Bitcoin Liquidity

How Liquid is Bitcoin?
Coin Cloud Team
, published on 
October 26, 2020
Bitcoin Liquidity

The word “liquidity” applies to assets, and is an important measure in the financial world — but it’s also a little complex. People often ask, “How liquid is Bitcoin?” And the answer depends on a few things.

Let’s take a look at this concept, and discover what makes an asset more or less liquid.

What is Liquidity?

“Liquidity refers to the ease with which an asset, or security, can be converted into ready cash without affecting its market price,” explains Investopedia. “In other words, liquidity describes the degree to which an asset can be quickly bought or sold in the market at a price reflecting its intrinsic value. Cash is universally considered the most liquid asset because it can most quickly and easily be converted into other assets. Tangible assets, such as real estate, fine art, and collectibles, are all relatively illiquid.”

Another aspect of liquidity is the bid-ask spread (a.k.a. bid-ask or sell spread), which is the gap between the asking price and the selling price. “The bid-ask spread is essentially the difference between the highest price that a buyer is willing to pay for an asset and the lowest price that a seller is willing to accept,” Investopedia clarifies.

Think eBay … a handbag might be listed for $100 with a “Best Offer” option. The potential buyer offers $75 and the seller comes back with a counter-offer of $80. So the bid-ask spread is $5.

A lower bid-ask spread is more liquid than a higher one, because the transaction happens right away (like if the buyer takes the counter-offer and willingly pays $80 for the handbag).

If the buyer only wants to pay $20 for a collectible ceramic cat, but the seller won’t let it go for less than $50, it has a $30 sell spread and is not considered very liquid.

Bitcoin Liquidity

So then, where does Bitcoin fit into the equation?

Well, Bitcoin is less liquid than cash, but more liquid than a rare painting that needs to be evaluated, appraised, and sold to a buyer who appreciates its value, which could take some time. If you want to buy a new TV, you can get it easily with cash or debit card. You likely can’t trade the painting for it, but you could sell the painting and use the cash.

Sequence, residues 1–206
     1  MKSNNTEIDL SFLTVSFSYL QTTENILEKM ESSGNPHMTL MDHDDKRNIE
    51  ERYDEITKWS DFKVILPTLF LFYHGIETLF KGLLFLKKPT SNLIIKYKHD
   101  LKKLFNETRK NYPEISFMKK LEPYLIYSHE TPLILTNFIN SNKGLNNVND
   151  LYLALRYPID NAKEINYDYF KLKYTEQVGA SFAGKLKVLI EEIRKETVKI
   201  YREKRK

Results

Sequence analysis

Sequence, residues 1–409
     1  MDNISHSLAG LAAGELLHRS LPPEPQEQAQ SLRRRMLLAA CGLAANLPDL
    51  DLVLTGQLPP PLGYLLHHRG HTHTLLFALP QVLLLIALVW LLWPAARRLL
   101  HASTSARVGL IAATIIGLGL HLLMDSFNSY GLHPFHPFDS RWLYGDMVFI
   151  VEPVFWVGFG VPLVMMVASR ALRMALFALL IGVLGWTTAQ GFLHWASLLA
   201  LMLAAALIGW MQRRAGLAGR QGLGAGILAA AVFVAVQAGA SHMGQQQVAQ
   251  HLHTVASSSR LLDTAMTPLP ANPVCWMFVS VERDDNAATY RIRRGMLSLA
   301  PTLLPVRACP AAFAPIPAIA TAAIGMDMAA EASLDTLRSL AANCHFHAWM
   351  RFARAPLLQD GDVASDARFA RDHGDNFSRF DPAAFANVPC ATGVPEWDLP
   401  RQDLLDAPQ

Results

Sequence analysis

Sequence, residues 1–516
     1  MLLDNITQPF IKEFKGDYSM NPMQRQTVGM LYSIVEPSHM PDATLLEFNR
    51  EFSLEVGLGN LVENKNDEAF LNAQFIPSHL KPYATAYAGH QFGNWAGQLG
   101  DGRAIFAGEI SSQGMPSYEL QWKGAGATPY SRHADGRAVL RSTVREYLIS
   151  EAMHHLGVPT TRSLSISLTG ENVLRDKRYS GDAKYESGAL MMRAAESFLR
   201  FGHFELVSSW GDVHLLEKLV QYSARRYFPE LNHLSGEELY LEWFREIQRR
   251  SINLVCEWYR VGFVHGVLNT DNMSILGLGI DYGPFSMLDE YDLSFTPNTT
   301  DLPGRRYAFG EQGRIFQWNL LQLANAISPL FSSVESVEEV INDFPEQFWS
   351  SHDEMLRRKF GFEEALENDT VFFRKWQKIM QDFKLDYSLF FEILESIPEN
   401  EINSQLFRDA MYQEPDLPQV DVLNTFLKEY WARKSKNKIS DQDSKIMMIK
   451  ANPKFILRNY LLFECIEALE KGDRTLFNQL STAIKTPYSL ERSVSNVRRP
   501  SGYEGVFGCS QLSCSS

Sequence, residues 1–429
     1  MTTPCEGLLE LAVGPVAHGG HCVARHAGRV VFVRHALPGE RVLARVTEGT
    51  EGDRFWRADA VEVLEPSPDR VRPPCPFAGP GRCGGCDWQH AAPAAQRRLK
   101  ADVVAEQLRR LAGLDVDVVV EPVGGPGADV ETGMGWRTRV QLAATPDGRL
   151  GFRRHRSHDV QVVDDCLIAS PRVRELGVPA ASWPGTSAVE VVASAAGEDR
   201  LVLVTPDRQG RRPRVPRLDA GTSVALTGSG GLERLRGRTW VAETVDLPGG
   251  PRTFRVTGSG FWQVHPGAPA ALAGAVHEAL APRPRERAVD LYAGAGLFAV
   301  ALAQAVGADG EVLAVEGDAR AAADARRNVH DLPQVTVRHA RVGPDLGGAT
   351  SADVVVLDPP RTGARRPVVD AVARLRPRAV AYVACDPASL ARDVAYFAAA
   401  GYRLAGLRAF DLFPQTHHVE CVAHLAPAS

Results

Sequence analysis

If the TV costs $1,200 and the painting is appraised at $5,000, you should be able to sell the painting and buy the TV. But you need to find a buyer willing to pay $5,000. Maybe you know somebody who is willing to pay $2,000 cash for the painting and not a penny more. You then have to decide whether to sell it at a loss, or wait (without the TV) for the right buyer to come along.

On the other hand, if you have $1,500 worth of bitcoin, you can cash it out pretty quickly at bitcoin’s current price. So that’s pretty liquid. But you have to wait for an online exchange to transfer it to your bank account, or use a Bitcoin ATM and get your cash in about 10 to 15 minutes. The transaction has to be verified on the blockchain, so it takes a little longer than USD, but not that much.

Supply and Demand

Most of this boils down to supply and demand. The sell spread will be lower (and the item more liquid) if the product is in demand. Fiat currency is very liquid because it’s always in demand and always worth a given value or price.

Bitcoin also has a market value and accepted price. If you want to sell your bitcoin, you can be guaranteed that it will be at that day’s posted price (minus any exchange rates or fees, of course).

However, Bitcoin’s short-term volatility makes it less liquid than a more stable asset. As time goes on and it becomes more accepted as a currency at retailers, we will see its liquidity increase. More mainstream adoption, fueled by more Bitcoin ATMs in more accessible locations, will also increase liquidity.

Probably the best way to take advantage of bitcoin liquidity is with a sell-capable Bitcoin ATM like a Coin Cloud BTM. Keep in mind, 80% of Bitcoin ATMs don’t let you cash out … but 100% of Coin Cloud machines do. Find your nearest Coin Cloud Bitcoin ATM and see how liquid your bitcoin can be!

Disclaimer: The information and views supplied on the Coin Cloud blog are for educational and entertainment purposes only. We are not financial advisors, so please do your research and consult with a trusted financial specialist before investing your money.

What is Coin Cloud?

Founded in 2014 in Las Vegas, Nevada, Coin Cloud is the leading digital currency machine (DCM) operator. With over 4,500 locations nationwide, in 48 states and Brazil, Coin Cloud operates the world’s largest and fastest-growing network of 100% two-way DCMs, a more advanced version of the Bitcoin ATM. Every Coin Cloud DCM empowers you to quickly and easily buy and sell over 40 cryptocurrency options with cash.

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